Dear Annie: I live in a small community in New Jersey. My wife and I have three daughters, and the thought of one of them getting sick from the coronavirus and having to stay in the hospital alone frightens us to death. We do our very best, utilizing delivery services and every other option at our disposal to prevent the spread of this virus.
We have many neighbors, but there are four homes in particular within sight of our home that don't practice social distancing at all. Each household has several children and all the children play with each other. Every household also has one or both parents working, leaving the house every day for work. It is extremely frustrating to watch this go on, day in and day out. Our children see their children playing together and, of course, question why they aren't allowed to play as well. Thank God they understand when we explain that those children, those households, aren't following the rules.
We have a hotline we can call to report those not following social distancing measures. Would you feel guilty about reporting them? I'd be happy to hear your input. — Nervous Neighbor
Dear Nervous Neighbor: No, I wouldn't feel guilty calling that hotline. It's not tattling when it could save lives. But I'd also encourage you to take the lead on building a sense of community (and with it, collective responsibility) in your neighborhood. Call your neighbors (or mail letters, if you don't have their phone numbers) to see how things are going. If there's a household in which both parents are essential workers, see if they need help connecting with safe child care resources. (Check with your local government for information on that.)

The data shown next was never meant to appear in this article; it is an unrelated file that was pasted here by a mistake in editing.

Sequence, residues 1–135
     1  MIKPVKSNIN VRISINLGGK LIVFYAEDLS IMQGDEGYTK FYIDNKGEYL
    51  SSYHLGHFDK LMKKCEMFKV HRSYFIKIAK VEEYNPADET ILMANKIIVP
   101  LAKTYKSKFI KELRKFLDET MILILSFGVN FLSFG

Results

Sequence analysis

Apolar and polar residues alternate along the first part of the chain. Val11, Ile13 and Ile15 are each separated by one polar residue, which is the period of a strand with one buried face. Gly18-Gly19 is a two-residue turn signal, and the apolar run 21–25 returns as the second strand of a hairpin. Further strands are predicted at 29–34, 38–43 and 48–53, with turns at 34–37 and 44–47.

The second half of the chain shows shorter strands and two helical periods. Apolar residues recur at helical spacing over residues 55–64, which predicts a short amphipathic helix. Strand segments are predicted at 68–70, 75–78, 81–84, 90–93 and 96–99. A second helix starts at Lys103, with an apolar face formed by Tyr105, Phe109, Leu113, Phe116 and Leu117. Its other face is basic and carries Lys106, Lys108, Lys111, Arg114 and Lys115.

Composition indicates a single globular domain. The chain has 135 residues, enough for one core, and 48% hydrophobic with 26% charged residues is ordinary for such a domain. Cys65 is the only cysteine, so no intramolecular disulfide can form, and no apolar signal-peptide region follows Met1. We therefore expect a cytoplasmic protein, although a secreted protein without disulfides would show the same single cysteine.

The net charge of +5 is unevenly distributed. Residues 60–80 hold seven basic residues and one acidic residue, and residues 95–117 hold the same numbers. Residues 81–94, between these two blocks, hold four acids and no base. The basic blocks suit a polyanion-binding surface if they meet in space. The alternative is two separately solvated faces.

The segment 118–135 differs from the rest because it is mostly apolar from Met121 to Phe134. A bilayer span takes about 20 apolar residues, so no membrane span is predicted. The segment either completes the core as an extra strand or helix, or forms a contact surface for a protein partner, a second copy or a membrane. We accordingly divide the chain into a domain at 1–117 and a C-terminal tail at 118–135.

Dear Annie: With homeschooling my kids now and trying to keep up our love for nature while not leaving our neighborhood, I stumbled upon this idea you may like to share with your readers. The National Wildlife Federation has a program where you can earn your garden or backyard a designation as a Certified Wildlife Habitat.
My kids and I had a blast moving through the National Wildlife Federation's checklist to get our yard in shape to become certified. We learned a lot and the kids were happy to Google different terms we didn't know, and to research how to build a few contraptions. (I did not know that butterflies needed a "puddler"; I didn't even know what that was! But we had fun building a few.) When we had all the tasks completed, we simply applied online and made a donation.
We all learned a lot and had a sense of pride in our community and in creating a space for our furry and crawly friends. — Amanda B.
Dear Amanda B.: I love this idea! Readers can learn more at www.nwf.org/Garden-for-Wildlife/Certify
Dear Annie: I write this letter with much gratitude and respect. I am presently retired. I am writing to all those who are out there working. Some have their own families at home to worry about but still have to go into work every day. Some have been sick and are now better and have to go back into the thick of things. I don't think they get enough credit for their hard work. Please let them know that people do appreciate what they're doing. — Another Annie
Dear Annie: I'm happy to print your letter. To all the front line health care workers, as well as grocery store cashiers, delivery people, sanitation workers and anyone else working an essential job to keep the rest of us safe and well-supplied: Thank you. We really can't say it enough.
"Ask Me Anything: A Year of Advice From Dear Annie" is out now! Annie Lane's debut book — featuring favorite columns on love, friendship, family and etiquette — is available as a paperback and e-book. Visit http://www.creatorspublishing.com for more information. Send your questions for Annie Lane to [email protected]